New textiles and materials offer an added layer of protection.

From athletics to homewares to fashion, designers and manufacturers are starting to consider how materials and textiles can be leveraged as protective measures against viruses and bacterial contaminants. Will the future be constructed with virus-proof surfaces and antiviral materials?

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Vollebak's antiviral jacket. Courtesy of Vollebak and Sun Lee
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One expert certainly thinks so. “The antimicrobial textile market is going to be one of the rare markets that is not only having a short-term bounce from the COVID pandemic, but will experience long-term growth,” Scott Pantel, CEO of Life Science Intelligence, an independent medical technology analysis firm, told Fast Company. “Companies like Google, Amazon, and Microsoft are all coming into the healthcare space, and consumer demand for antimicrobial material is going to be massive.”

Antiviral sand could be a requirement for beach volleyball tournaments in the future. In June, the World Athletics’ Health and Science department released guidelines for athletic events to help prevent the spread of COVID-19 during competition. Among its recommendations is the use of antiviral sand in courts and jumping pits; to achieve this, the sand would be mixed with a solution that contains a biodegradable and non-skin-aggressive virucide agent to kill contaminants.

At home, bed linens and window treatments are protecting inhabitants. In June, textile manufacturer Vision Support Services introduced Micro-fresh, a new antimicrobial technology that is applied to bed and bath linens to repel bacteria and viruses. The same month, UK-based textile and window blind manufacturer Style Group unveiled Antiviraltex and Aircleantex, two new fabrics that eliminate viruses on contact and filter out airborne contaminants, respectively.

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Courtesy of Vollebak and Sun Lee
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High-end designers and manufacturers are exploring clothing that acts as a shield against bacteria and viruses. Italian luxury textile manufacturer Albini Group—who supplies to Kering, Prada and Armani—unveiled a new antiviral fabric in May. Called ViroFormula, the material, which was developed in collaboration with Swiss textile innovation firm HeiQ, is treated with chemicals in a process similar to waterproofing. “The fact that my travel suit is not just good for avoiding wrinkles, but also protects me from viruses…this is a feature that is very nice-to-have,” Albini CEO Fabio Tamburini told Vogue Business.

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Vollebak's Full Metal Jacket, courtesy of Sun Lee
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In May, visionary clothing designer Vollebak released a disease-resistant jacket woven with seven miles of copper, which is known for its virus killing and antimicrobial properties. The Full Metal Jacket, which retails at $1,095, is the company’s first step in exploring clothing that protects the wearer’s health.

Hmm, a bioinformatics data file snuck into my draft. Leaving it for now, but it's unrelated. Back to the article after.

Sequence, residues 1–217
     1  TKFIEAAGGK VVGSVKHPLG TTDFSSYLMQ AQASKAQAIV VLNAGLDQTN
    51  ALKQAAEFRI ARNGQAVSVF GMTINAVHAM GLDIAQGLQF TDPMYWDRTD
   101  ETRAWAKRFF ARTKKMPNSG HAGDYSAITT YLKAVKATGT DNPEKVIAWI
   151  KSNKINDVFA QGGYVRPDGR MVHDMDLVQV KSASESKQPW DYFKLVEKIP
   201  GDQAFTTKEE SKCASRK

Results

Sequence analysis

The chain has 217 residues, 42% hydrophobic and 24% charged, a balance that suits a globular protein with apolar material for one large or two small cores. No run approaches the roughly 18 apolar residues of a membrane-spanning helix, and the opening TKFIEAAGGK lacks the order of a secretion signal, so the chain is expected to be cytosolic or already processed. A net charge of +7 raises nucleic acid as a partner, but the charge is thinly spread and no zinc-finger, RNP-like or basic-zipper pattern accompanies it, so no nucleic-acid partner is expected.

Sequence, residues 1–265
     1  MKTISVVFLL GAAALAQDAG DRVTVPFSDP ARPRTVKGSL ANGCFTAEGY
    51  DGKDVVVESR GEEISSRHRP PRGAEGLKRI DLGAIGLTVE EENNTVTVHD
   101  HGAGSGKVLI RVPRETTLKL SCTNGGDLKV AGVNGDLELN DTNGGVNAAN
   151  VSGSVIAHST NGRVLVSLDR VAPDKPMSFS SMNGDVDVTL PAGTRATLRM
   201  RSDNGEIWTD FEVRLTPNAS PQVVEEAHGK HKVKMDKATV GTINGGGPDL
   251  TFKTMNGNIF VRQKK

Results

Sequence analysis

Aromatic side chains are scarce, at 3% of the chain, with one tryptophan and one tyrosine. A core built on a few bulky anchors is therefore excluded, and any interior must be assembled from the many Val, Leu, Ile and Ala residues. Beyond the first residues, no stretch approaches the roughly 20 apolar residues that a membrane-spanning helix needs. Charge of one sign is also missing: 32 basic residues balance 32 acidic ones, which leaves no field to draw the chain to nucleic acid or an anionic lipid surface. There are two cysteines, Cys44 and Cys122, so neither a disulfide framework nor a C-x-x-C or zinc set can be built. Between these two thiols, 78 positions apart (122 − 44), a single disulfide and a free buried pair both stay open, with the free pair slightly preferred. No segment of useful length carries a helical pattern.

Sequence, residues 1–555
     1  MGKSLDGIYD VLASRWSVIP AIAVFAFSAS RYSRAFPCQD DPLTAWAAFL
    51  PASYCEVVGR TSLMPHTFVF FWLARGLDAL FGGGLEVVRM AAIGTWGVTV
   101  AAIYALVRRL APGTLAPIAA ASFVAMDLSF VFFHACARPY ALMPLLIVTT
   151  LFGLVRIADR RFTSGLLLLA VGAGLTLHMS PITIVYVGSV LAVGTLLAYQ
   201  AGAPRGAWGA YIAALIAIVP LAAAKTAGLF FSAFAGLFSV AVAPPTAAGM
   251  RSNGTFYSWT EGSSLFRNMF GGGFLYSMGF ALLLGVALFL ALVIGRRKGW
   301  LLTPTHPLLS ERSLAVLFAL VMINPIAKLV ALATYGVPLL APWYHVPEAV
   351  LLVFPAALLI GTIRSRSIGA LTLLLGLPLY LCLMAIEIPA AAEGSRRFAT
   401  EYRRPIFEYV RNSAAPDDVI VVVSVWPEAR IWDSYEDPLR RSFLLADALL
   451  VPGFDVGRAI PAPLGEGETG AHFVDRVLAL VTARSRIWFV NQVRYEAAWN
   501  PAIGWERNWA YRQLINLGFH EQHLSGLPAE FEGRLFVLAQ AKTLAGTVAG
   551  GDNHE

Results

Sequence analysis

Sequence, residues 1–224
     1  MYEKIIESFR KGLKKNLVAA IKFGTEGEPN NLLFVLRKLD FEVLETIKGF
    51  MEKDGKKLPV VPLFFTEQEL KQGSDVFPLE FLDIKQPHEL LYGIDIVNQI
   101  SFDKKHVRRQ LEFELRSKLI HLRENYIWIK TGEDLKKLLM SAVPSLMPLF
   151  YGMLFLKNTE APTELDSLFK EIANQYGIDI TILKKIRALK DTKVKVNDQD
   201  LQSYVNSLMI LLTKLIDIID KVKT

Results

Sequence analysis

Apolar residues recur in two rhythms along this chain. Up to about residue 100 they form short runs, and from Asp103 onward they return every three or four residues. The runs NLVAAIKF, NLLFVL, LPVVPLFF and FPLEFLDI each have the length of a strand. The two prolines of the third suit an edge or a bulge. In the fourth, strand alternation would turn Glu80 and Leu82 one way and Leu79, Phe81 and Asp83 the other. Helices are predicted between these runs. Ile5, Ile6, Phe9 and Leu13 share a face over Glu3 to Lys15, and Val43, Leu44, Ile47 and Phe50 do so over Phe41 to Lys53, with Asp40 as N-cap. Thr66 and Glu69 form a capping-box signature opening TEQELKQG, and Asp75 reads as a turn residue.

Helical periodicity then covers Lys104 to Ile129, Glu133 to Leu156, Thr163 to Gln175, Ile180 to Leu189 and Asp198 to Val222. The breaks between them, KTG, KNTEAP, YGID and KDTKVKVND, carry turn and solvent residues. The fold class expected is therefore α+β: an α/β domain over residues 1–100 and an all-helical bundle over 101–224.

Thinking several steps ahead, the company is also incorporating copper as a building block to create intelligent clothing for the far-future. “You can think of copper as a platform on top of which other innovation can be added—a bit like an operating system in a computer,” said Steve Tidball, co-founder of Vollebak. “The antimicrobial properties are great, but we’re also looking at materials we could layer intelligence on top of. Ultimately, we are trying to make intelligent clothing for the next century.”

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Courtesy of Vollebak and Sun Lee

This innovation has important implications for medical and care workers, too. What if personal protective equipment like masks and robes could prevent bacteria and viruses from adhering to their surfaces? New research out of the University of Pittsburgh proposes a washable fabric coating that repels blood, saliva and viruses to do just that. “One of the main reasons [for shortages] is because a lot of medical textiles are disposable. They’re single use—you use it once, then throw it away,” Paul Leu, coauthor of the research, associate professor of industrial engineering at the university, and head of the school’s Laboratory for Advanced Materials, told Fast Company. “Because our treatment is wash-stable, it could potentially be incorporated into reusable medical textiles.”

The pandemic has prompted a reevaluation of the public spaces and built environments that form the communal backdrop for daily life. Now, focus is honing in on more personal touchpoints. Tidball predicts that material innovation—for clothing especially—could transform everyday life. “Over the next 10 to 10,000 years, clothing has the potential to help us become stronger and faster and even live longer.”

Main image courtesy of Vollebak and Sun Lee